News - Environmental Markets
Negotiations over international carbon markets broke down again at COP25 in Madrid. Finding common ground on how these markets work is critical to ensuring countries and businesses committed to net-zero emissions meet their targets, Jackson Ewing writes.
America's working forests provide clean air and water, support species diversity, provide jobs, and are an essential part of efforts to address climate change. In an op-ed for RealClearMarkets, Robert Bonnie and Matthew McKenna write that capital markets have the power to leverage philanthropy and government action to help conserve this critical natural infrastructure.
The Coalition for Green Capital submitted comments to North Carolina’s draft Clean Energy Plan in support of the establishment of a North Carolina Clean Energy Fund, and announced a partnership with the Nicholas Institute to explore the creation and design of this institution around the Green Bank model.
A conference at Duke Kunshan University last week—co-sponsored by the Nicholas Institute for Environmental Policy Solutions—focused on China's global investments. The five-day conference addressed how to better understand and plan for China’s vast increase in infrastructure investment abroad, especially for projects that are part of the Belt and Road Initiative (BRI).
In a Q&A with the National Bureau of Asian Research, Jackson Ewing a senior fellow at the Nicholas Institute for Environmental Policy Solutions and an adjunct associate professor at the Sanford School of Public Policy, discusses the challenges and opportunities for Chinese policymakers as they seek to implement a nationally integrated emissions trading system.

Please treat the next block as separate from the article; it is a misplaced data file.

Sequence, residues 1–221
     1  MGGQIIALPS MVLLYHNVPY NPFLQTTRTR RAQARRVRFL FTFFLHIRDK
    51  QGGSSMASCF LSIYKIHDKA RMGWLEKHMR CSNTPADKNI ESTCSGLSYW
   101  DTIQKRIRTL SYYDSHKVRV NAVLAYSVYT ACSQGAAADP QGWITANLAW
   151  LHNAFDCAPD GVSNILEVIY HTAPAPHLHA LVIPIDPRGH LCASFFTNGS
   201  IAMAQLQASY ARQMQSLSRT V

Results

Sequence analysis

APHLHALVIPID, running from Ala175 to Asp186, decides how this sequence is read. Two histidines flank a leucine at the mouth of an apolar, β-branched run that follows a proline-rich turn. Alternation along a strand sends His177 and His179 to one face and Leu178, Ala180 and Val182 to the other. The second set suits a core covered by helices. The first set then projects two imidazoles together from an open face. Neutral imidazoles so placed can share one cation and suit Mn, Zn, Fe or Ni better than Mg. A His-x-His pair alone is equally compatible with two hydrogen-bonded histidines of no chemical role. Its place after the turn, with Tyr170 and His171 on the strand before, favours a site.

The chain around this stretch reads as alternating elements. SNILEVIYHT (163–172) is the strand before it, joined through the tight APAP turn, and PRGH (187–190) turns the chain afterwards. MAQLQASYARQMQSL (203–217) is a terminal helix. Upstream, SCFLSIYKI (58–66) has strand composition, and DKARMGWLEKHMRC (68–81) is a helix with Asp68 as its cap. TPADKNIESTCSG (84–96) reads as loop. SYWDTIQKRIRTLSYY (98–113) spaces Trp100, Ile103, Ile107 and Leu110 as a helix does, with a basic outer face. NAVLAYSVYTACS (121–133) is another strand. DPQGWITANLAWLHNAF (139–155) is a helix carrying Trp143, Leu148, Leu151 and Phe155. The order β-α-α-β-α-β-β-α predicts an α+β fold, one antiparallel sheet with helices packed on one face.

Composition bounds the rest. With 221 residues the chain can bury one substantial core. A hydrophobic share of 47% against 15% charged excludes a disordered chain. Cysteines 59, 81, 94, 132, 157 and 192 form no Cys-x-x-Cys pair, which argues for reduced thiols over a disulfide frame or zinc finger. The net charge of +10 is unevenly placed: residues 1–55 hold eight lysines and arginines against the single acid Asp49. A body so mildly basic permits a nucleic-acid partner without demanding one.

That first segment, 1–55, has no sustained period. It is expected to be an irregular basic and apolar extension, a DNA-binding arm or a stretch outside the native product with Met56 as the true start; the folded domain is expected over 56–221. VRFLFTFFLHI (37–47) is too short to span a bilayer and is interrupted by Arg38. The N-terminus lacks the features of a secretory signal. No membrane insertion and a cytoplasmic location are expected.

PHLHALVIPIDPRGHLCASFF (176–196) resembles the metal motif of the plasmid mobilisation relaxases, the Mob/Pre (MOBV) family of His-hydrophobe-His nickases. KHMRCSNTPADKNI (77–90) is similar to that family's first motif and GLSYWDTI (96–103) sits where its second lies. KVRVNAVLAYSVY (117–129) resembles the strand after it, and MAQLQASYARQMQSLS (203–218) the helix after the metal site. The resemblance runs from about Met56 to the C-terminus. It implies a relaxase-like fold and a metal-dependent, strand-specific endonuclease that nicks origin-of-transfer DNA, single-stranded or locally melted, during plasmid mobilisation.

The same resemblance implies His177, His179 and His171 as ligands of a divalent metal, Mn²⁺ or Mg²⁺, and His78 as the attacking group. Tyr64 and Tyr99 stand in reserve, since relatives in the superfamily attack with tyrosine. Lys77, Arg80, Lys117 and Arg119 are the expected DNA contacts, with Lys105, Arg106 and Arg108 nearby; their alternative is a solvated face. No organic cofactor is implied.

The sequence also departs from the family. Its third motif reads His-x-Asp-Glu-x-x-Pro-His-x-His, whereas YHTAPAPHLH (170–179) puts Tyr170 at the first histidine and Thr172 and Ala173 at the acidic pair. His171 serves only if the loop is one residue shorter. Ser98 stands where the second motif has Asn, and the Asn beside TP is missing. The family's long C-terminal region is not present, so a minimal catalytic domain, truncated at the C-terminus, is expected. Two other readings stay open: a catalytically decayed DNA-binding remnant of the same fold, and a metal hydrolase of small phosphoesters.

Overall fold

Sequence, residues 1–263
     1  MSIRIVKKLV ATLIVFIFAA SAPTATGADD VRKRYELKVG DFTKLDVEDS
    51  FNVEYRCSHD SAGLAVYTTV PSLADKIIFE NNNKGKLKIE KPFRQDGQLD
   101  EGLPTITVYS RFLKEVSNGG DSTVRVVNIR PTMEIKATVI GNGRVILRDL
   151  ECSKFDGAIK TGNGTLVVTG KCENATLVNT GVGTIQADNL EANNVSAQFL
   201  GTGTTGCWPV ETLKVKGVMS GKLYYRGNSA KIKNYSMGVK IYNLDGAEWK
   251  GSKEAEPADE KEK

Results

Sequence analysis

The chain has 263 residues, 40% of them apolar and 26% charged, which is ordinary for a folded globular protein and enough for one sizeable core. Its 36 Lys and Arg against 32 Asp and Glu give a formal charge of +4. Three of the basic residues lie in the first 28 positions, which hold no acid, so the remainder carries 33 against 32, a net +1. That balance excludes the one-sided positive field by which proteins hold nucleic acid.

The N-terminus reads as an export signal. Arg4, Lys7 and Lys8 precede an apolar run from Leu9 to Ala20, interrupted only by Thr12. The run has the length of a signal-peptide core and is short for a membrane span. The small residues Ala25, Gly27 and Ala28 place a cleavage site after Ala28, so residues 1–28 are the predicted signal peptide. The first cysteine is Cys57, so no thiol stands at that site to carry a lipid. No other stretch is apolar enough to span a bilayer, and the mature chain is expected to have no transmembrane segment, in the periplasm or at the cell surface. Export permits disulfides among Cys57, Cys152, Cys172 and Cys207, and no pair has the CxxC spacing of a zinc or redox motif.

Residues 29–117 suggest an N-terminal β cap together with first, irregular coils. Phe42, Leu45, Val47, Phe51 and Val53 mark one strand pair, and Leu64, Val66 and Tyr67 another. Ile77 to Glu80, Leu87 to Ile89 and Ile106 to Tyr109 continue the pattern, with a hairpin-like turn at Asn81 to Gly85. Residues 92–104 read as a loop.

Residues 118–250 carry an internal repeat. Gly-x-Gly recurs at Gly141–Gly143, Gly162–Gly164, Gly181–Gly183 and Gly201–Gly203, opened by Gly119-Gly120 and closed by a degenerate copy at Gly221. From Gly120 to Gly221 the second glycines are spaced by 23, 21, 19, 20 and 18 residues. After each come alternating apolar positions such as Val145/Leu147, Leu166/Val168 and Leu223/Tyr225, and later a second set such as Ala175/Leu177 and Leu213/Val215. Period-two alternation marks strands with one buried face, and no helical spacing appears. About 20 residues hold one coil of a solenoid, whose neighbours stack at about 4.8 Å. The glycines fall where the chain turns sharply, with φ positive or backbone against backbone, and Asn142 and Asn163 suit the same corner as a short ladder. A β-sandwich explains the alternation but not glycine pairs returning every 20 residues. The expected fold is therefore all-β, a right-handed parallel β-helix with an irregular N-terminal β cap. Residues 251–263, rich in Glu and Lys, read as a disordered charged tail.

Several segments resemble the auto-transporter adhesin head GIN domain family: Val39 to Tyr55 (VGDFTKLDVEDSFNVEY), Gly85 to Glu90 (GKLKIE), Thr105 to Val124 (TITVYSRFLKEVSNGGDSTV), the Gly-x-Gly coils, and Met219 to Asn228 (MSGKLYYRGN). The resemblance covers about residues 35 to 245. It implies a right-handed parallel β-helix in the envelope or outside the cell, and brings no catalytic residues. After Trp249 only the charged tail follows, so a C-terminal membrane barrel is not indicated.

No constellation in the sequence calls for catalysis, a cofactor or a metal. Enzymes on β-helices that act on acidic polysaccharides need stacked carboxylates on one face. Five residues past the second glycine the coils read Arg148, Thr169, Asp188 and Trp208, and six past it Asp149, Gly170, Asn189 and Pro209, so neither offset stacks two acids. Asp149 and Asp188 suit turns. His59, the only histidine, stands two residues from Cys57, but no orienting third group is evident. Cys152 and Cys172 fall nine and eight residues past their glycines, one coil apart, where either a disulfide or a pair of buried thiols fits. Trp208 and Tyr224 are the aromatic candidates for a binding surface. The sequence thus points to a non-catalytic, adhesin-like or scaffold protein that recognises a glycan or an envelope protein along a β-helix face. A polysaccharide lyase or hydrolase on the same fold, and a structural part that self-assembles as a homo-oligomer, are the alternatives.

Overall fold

In early spring 2017, Nevada's Diamond Valley is expected to test a blueprint for buying and selling water rights to redistribute the valley’s water. The trading should shift supply to where it’s needed most and should allow those with surplus supply to profit from it. The blueprint was developed by researchers at the Nicholas Institute and builds on lessons from Australia’s search for a water rights and management framework to keep water withdrawals within sustainable limits.
The Huffington Post reported that the Nicholas Institute for Environmental Policy Solutions is one of several organizations exploring maximization of the carbon-storing performance of soils, forests, grasslands, and wetlands and attempting to identify the full potential of carbon sinks. The tasks are complicated by multiple relevant variables, including weather changes, tillage practices, grazing-land management, public land management, and urban use of trees and green spaces.
The Nicholas Institute's Brian Murray co-authored the introduction of a special issue of Choices Magazine. Articles in the series address the projected impact of climate change on agricultural productivity and food security in domestic and international settings as well as the motivation for adaptation efforts along with potential strategies and roles of public versus private entities.
In a climate change-focused issue of Choices Magazine, the Nicholas Institute's Brian Murray explores why carbon markets have not delivered agricultural emissions reductions in the United States. Beyond the political failure of a national, economy-wide, cap-and-trade program, he points to the minor role of agriculture in the carbon markets that do exist and to unforeseen adoption hurdles and transaction costs. He suggests that the sector’s GHG mitigation could ramp up as part of recently broader use of carbon markets and with the support of targeted public and private sector programs.